About the Author: Eric Dean is an honors graduate of UCLA School of Law. Eric’s practice is focused on providing full service to the Hospitality, Commercial Real Estate and Secured Lending Industries throughout the State of California. Eric was a general counsel for a national hotel developer and operator for seven years and currently acts as outside general counsel for several clients.  You can find his profile on LinkedIn. Eric is a partner in the California law firm, FitzGerald Yap Kreditor LLP (FYK).  FYK provides full service to the hospitality, telecommunications, lending, construction, business and commercial real estate industries throughout California.

Disclaimer:  This article is solely intended to provide information for consideration only. It is not legal advice and is intended solely to raise broad and general possible topics of concern for further consideration, and therefore, should not be relied on. A reader who has concerns related to the topics addressed in this handout should consult his/her own advisors and not otherwise act based on the content of this article.

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Key Considerations in Dispute Resolution Provisions: The Difference Between A Mediation, Arbitration and Civil Lawsuit

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MEDIATION is a nonbinding, confidential and informal process through which parties to a dispute submit the matter to a third party who assists in attempting to resolve the dispute. Mediation can be conducted before or after the commencement of a lawsuit or arbitration. Many contracts require that the parties to the agreement submit a dispute to mediation before the filing of a lawsuit or commencement of an arbitration. Such provisions are enforceable if properly drafted. Since a mediation is confidential, neither party is bound to any position asserted in the mediation. If a compromise is reached in the mediation, once properly documented and signed by the mediating parties, the settlement is binding and enforceable. Exceptions to the pre-litigation timing of mediation may be included in the agreement (such as seeking a restraining order or other equitable relief). If a mediation provision is included in an agreement, the parties to the dispute will, in most instances, be required to mediate before commencing an arbitration or lawsuit unless all parties agree to waive the mediation.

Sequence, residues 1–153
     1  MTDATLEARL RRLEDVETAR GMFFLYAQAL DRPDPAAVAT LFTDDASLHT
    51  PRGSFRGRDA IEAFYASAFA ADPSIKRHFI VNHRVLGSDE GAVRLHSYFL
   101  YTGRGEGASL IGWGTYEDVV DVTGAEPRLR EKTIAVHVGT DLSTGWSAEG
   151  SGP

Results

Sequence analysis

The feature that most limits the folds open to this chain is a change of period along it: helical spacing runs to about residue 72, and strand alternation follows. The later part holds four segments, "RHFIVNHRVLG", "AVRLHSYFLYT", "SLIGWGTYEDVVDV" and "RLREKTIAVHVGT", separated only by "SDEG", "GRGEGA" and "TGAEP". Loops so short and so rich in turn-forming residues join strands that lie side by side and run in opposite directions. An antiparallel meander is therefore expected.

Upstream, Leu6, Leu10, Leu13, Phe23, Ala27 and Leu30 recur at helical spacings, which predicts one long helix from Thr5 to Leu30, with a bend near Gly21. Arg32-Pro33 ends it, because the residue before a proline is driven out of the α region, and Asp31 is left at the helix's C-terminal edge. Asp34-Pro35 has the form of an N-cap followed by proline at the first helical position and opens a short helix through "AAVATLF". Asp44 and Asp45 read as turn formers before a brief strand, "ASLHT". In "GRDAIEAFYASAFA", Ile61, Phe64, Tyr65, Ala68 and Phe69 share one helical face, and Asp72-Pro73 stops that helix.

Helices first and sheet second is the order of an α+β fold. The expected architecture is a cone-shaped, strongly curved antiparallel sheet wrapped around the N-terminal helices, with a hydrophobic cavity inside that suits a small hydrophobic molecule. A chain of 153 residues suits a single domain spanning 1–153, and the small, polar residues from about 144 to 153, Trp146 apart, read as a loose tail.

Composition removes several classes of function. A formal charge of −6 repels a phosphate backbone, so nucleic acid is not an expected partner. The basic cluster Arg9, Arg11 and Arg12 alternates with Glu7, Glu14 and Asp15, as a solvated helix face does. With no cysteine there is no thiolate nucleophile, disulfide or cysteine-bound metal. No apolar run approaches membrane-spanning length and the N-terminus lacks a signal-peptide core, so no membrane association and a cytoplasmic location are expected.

ARBITRATION is a proceeding through which two or more parties to a dispute agree to submit the matter to an impartial third party, whose decision the contending parties agree to be bound by. As with a mediation, where the arbitration provision is included in a commercial or business agreement, it will generally be enforced by a court. In consumer and labor agreements, Courts may, if challenged, review the arbitration provision with substantial scrutiny.

CIVIL LITIGATION is the more traditional form of dispute resolution conducted within the established governmental court system.

WHY SHOULD I CARE IF AN AGREEMENT REQUIRES A MEDIATION OR ARBITRATION INSTEAD OF A LAWSUIT?
COST: Mediation and Arbitration can be significantly more expensive than a court proceeding. This is because a judge in a civil proceeding is paid by taxpayers, but the parties to the mediation or arbitration must advance the fees of the arbitrator or mediator and associated administrative fees. Such costs can easily range from $450 to $1000/hour or more. Of course, if the parties in dispute can compromise the dispute in a mediation and avoid further proceedings, the cost savings can be significant. Moreover, some governmental agencies and courts have free or low cost mediation and arbitration programs available to parties in litigation who wish to attempt to resolve the litigation before trial.

TIME: The court system can be extremely slow. This is often because of limitations in the number of available judges, and because certain types of cases, including criminal cases, have priority over most civil cases. In many instances, an arbitration can be decided in less than half the time required to complete a civil trial.